Get lost at Dave’s Hideaway

Featuring palm trees, a converted pontoon boat and a bar housed in a sand-floor tiki shack, Dave’s Hideaway is the perfect place to celebrate summer. (Photo by Randy Roberts)



It’s always summer at Dave’s Hideaway.

Here, in the spacious backyard of this laid-back lounge, bikers, music lovers and anyone preferring to enjoy their libations in a come-as-you-are, open-air setting, gather around the concrete bar or any number of umbrella-shaded tables. Some grab a beer and head for the pontoon boat reconstructed into a makeshift table and chairs, while others place their order from a wooden rope swing in the corner labeled “Big Daddy’s Sand Bar.”

“Big Daddy. That’s what they call me,” says proprietor Dave Turner, amid a flock of pink flamingos and a tiki shack wall adorned with flip-flops. New this year are six palm trees made from steel and leather, reinforcing the patio’s tropical theme.

But it’s not all pina coladas and miniature umbrellas out here. Dave’s Hideaway attracts bikers from throughout the area looking to meet up with friends, throw around a few horseshoes and face off on the double burn-out pit. Bike night kicks off at 6 p.m. every Wednesday with live music, drink specials, and steaks and burgers on the grill.

Bob Steve was hanging out on the patio on a recent Wednesday afternoon and said he and a small group of friends ride over from Carey sometimes for the occasion.

“Bike night’s fun,” he said. “Good time, good music, good crowd, good people.”

Dave Turner stands outside “Big Daddy’s Sand Bar” at his bar, Dave’s Hideaway Lounge. (Photo by Randy Roberts)

Andrew Solt of Findlay, demonstrating the double burn-out pit, agreed with the assessment: “It’s just a nice place to come. Good drinks, good people.”

It might look like a rough and tumble crowd on Wednesdays, but Turner insists there are no club colors allowed on the premises, and fights are few and far between. Noise complaints, common to most bars featuring live music, are virtually nonexistent because Turner cuts the music at 10 p.m.

And it’s not just bikers throwing back a few cold ones at this urban oasis, curiously hidden along one of the city’s most high-trafficked thoroughfares at 1730 Lima Ave. (“It’s Findlay’s unknown, secret bar,” Turner says.) The hideaway is welcoming to anyone looking to escape the confines of air conditioning — especially if they’ve come hungry.

“I guarantee you we have the best pizza and subs in town,” Turner says confidently. “They don’t like it, I’ll double their money back.”

The lounge is working to expand its food offerings and currently features $1 tacos on Tuesdays, $1 coney dogs on Thursdays, along with specialty pizzas (“It’s all in the sauce,” Turner says), wings, bread sticks, nachos, salads and more. The kitchen opens daily at 11 a.m., and the patio opens at 4 p.m.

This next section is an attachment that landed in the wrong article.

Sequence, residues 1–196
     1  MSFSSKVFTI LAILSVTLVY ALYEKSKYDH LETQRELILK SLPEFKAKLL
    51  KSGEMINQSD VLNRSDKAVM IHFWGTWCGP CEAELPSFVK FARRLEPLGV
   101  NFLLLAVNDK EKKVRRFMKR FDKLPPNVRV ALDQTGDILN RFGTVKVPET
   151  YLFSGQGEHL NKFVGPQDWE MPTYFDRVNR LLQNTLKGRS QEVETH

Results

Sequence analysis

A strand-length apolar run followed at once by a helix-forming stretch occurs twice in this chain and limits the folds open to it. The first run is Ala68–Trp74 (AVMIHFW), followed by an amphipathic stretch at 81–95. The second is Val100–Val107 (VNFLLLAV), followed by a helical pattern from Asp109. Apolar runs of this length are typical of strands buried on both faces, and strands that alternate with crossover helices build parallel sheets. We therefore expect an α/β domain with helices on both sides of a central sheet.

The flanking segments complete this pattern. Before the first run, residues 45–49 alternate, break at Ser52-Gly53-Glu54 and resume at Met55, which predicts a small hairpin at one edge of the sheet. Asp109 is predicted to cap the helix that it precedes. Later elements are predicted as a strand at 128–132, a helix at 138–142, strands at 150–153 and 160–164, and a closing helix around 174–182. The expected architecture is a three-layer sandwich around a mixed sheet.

The 78-year-old Turner has been in the bar business for over 45 years, so he’s learned a few things along the way.

One of the most valuable is how to spot a patron who’s indulged a little too enthusiastically and might be looking to pick a fight. Those customers are calmly walked out and asked to leave, a cab called on their behalf if necessary.

“You can always tell when a ruckus is starting,” says Duane Turner, Dave’s nephew who helps with, among other things, booking live music.

Ensuring a safe ride home is no problem when the owner of the bar also owns Accurate Cab. Dave started the company in 2006 and says anyone who drinks too much at his establishment will be driven home for free.

Starting companies is actually something Dave excels at.

“I’ve been an entrepreneur my whole life, going out and starting things,” he says.

The Monroe, Michigan, native moved to Findlay in 1972 and purchased Dave’s Hideaway in 2002. He bought the once-defunct Southside Family Restaurant and ran that until 2006, and currently owns Cherokee Construction and Findlay Siding-Building Supplies. He also owns 23 rental properties throughout the city, with an eye on a few more.

Dave recently had the historical barn standing behind the property torn down. In it, crews found a sign from the old Bellaire Motel, on whose grounds the bar now stands, along with a sign advertising a “refreshment center.” Left over from a convenience store once located on the property, the sign promises 8-track tapes for $3.99 apiece, along with a mechanic on duty, candy, chops, popcorn and peanuts. Dave plans to hang both signs on the patio, perhaps next to the stage which reads “I Love This Bar.”

The bar features live music on Friday and Saturday nights and weeknight power hours, and regularly hosts benefits for community members. Follow along on Facebook at Dave’s Hideaway Lounge to stay up-to-date on everything that’s happening.

Griteman: 419-427-8477
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Twitter: @BrennaGriteman



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